If you have the flu, you already know that you have a fever or aches or congestion. You don't go to the doctor to confirm that you have symptoms -- you already know that. You seek out care to identify and neutralize what's actually making you sick.
The Benghazi Accountability Review Board (ARB) told us what we already knew -- that we were sick -- what it didn't do is tell us why.
A new report by the House Committee on Oversight and Government Reform sums it up best saying "the ARB fell short because it was unwilling to examine closely the highest level of the Department's leadership and organizational structure to identify the source of the decision to run the Benghazi mission on an ad hoc basis. Indeed, it was a particularly ill-defended outpost of what the Department has labeled 'expeditionary diplomacy.'"
In testimony from May before the House Oversight and Government Reform Committee, Eric Nordstrom, the former Regional Security Officer at the U.S. Embassy in Tripoli stated "it [the ARB] stops short of the very people that need to be asked those questions. And that's the Under Secretary of Management [Patrick Kennedy] and above... Ambassador Pickering said, he has decided to fix responsibility on the Assistant Secretary level and below..."
The ARB's unwillingness to pursue accountability from above the Assistant Secretary level, a much larger component contributing to the failures of Benghazi was completely and inexcusably bypassed.
So what is "expeditionary diplomacy"?
Eric Boswell, the former Assistant Secretary for Diplomatic Security, says it was a term coined in the wake of September 11, 2001, where "the United States Government made a decision that it would operate embassies in places where in my previous incarnation [the 1990's] we never would have been, specifically war zones, war zones where this is active combat and U.S. troops for that matter."
The former Director of the Diplomatic Security Service Scott Bultrowicz explains "when you talk about expeditionary diplomacy and you talk about deploying to these types of places, there has to be a recognition that there is a threat that it could happen, especially if you're not going into a purpose-built facility where you have all of the resources and manpower that you do in Kabul or Iraq."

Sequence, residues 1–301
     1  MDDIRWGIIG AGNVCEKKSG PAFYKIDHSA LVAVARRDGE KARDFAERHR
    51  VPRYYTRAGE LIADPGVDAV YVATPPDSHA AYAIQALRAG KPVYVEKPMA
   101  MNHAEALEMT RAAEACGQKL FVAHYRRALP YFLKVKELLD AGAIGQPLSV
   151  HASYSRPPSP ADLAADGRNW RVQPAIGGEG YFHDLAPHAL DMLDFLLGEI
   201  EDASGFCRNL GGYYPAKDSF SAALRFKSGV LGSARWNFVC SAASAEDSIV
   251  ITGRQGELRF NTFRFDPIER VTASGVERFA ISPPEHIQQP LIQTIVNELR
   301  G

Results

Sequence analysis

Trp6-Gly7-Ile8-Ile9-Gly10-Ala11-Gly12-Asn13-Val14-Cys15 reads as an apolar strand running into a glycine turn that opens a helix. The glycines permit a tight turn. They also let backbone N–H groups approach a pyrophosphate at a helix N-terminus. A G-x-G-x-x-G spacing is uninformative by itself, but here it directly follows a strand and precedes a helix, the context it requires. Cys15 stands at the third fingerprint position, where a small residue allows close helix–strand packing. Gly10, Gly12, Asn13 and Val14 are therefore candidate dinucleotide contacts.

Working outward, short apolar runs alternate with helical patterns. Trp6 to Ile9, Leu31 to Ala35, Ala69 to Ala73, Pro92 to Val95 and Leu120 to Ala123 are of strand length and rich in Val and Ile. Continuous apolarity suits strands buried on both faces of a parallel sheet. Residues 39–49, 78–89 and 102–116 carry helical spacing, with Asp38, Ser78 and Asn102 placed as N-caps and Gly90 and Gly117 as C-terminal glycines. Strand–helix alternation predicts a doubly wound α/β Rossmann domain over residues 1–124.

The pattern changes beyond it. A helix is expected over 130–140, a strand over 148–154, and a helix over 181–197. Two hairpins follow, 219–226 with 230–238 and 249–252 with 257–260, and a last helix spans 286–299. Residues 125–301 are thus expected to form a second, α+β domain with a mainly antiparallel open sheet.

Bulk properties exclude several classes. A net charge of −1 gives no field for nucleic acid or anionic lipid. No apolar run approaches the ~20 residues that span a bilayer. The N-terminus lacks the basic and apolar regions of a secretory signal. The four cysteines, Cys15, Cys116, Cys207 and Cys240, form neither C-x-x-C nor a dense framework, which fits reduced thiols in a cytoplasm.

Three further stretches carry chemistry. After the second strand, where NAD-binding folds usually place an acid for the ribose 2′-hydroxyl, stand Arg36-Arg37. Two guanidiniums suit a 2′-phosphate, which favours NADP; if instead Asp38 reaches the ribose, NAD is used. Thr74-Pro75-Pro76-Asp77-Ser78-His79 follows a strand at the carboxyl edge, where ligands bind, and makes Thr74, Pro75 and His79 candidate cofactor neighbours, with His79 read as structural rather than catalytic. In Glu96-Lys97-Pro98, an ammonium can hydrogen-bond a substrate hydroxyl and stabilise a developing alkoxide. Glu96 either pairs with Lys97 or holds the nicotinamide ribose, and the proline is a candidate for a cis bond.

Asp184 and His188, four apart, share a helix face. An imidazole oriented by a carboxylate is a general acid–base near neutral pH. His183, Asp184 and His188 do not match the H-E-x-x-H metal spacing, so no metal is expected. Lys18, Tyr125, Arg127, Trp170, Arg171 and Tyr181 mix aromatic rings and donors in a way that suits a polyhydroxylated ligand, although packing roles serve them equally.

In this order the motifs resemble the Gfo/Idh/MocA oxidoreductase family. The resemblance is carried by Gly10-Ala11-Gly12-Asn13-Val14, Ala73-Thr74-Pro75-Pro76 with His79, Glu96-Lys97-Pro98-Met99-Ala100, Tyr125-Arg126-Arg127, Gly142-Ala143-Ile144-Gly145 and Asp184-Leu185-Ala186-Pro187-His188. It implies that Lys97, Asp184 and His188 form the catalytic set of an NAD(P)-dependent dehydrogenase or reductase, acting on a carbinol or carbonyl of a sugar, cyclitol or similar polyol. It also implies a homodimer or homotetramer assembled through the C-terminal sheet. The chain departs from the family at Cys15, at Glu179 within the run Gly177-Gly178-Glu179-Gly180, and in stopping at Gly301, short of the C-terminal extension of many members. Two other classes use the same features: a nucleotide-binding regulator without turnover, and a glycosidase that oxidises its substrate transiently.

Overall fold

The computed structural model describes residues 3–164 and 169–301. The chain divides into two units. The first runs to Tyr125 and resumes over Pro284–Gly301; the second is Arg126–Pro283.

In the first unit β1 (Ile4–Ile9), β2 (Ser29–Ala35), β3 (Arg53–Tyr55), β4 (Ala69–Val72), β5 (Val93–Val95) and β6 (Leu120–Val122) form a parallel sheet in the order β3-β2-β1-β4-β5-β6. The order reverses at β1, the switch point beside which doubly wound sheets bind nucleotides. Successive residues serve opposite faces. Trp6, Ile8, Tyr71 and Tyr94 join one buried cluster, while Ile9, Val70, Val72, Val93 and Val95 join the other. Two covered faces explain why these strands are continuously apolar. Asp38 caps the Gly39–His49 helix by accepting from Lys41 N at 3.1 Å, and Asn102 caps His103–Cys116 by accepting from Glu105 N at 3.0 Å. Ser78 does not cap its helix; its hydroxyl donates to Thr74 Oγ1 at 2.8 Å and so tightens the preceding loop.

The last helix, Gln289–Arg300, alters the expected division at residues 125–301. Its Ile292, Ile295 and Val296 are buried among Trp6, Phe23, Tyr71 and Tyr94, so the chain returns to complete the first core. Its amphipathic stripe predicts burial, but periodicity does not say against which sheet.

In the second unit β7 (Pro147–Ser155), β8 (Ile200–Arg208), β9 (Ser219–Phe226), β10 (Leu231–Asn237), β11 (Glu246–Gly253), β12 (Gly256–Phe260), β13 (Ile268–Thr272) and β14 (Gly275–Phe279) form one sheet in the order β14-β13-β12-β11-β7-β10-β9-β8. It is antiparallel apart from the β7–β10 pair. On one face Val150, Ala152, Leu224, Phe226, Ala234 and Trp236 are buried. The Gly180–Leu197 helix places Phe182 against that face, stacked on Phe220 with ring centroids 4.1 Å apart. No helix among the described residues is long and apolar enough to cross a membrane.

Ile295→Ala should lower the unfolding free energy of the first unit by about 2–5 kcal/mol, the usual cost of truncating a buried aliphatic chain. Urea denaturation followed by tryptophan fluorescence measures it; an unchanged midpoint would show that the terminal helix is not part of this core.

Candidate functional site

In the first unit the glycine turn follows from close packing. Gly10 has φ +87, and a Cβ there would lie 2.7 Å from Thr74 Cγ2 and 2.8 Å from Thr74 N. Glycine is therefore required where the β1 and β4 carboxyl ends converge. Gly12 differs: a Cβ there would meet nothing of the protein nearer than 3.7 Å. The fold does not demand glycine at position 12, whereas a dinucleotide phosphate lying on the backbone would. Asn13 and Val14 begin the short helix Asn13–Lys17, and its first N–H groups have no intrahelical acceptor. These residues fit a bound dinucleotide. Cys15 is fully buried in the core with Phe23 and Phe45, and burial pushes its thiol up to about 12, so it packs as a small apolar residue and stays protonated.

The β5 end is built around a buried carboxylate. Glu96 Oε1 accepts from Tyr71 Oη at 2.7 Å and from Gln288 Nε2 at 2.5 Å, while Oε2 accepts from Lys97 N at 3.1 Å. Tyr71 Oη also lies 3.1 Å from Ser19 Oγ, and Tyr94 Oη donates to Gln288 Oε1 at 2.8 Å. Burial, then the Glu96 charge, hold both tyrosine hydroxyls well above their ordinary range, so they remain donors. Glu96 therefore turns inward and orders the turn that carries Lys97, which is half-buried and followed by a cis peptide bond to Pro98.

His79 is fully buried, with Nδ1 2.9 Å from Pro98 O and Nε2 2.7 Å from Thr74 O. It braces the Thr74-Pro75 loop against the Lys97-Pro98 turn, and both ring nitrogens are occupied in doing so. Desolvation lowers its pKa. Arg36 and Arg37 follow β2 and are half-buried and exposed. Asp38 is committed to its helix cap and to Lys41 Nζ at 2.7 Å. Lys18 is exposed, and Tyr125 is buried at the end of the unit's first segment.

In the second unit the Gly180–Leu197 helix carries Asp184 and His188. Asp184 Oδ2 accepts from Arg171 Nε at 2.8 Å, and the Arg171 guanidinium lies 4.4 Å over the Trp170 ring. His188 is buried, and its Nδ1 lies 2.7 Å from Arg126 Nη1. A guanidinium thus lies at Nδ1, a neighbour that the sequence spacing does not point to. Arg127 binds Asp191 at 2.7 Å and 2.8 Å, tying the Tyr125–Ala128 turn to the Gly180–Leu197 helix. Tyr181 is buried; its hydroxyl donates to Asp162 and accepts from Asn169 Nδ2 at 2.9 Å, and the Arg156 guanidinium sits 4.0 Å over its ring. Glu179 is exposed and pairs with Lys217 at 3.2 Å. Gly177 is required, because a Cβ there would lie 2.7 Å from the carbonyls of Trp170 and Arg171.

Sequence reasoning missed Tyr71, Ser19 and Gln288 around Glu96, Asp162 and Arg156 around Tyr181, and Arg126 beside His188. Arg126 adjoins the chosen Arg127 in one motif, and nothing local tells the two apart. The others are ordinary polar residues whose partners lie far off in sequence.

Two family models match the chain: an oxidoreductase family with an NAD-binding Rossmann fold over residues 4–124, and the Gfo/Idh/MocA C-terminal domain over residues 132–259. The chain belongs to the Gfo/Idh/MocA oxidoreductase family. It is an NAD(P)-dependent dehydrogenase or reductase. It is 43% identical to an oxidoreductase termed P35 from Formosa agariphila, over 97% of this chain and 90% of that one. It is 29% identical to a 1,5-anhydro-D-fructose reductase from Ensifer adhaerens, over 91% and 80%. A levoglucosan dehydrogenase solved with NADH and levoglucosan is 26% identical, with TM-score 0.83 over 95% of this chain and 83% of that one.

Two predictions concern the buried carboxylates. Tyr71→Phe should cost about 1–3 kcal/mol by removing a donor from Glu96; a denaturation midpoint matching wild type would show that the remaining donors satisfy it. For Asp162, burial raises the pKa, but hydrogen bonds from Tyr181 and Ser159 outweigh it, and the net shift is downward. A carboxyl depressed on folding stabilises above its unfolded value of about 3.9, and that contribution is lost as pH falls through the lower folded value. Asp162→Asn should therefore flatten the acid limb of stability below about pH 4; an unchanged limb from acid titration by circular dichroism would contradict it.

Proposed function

Lee Lohman, the Executive Director of the Near Eastern Affairs Bureau testified that "I'm not sure we've ever gone into something in such an expeditionary way as this [Benghazi] by ourselves without having military along with us."
Designating the mission in Benghazi as "expeditionary diplomacy" also meant it was "temporary" and therefore subject to a temporary staffing and security model that was inadequate and insufficient -- and everyone knew it.
The ARB accurately stated that "its 'non-status' as a temporary, residential facility made allocation of resources for security and personnel more difficult..." Disappointingly, the ARB failed to scrutinize the symptom itself, ignoring the significant of the Department's leadership and structure that maintained the Benghazi mission as temporary "expeditionary diplomacy."
Documents and testimony reveal that this temporary designation was authorized by Under Secretary for Management Patrick Kennedy. In December of 2012, Kennedy approved the extension of the Benghazi special mission but rather than designating it as a full consulate, it was a "temporary, residential facility."
Boswell described Kennedy's role as "definitely involved in decisions involving -- lots of decision about Benghazi. He's the one, after all, that authorized, gave the go-ahead for the mission in the first place and extended the mission. He approved the extension of the temporary mission.
Gregory Hicks, the former Deputy Chief of Mission at Embassy Tripoli acknowledged the dire situation saying "it was expeditionary diplomacy...we were doing our best with the resources we had...when we got there, we arrived in Libya, we didn't have the security resources that we needed..."
Extending the Benghazi mission as a temporary facility compromised the security of the compound and exposed the American diplomats who worked inside of it to unquantifiable risk. This "expeditionary diplomacy" designation precluded the outpost from receiving the security and manpower it needed in what was already recognized as a volatile and dangerous region.
One year later, there are still more questions than answers. The ARB's focus on four officials is unrelated to the sequence of decisions that resulted in the vulnerable state of our security posture in Libya. The Administration's idea of accountability and transparency has once again been reduced to window-dressing propaganda.
They know they're sick, but they have no interest in treating the symptoms.
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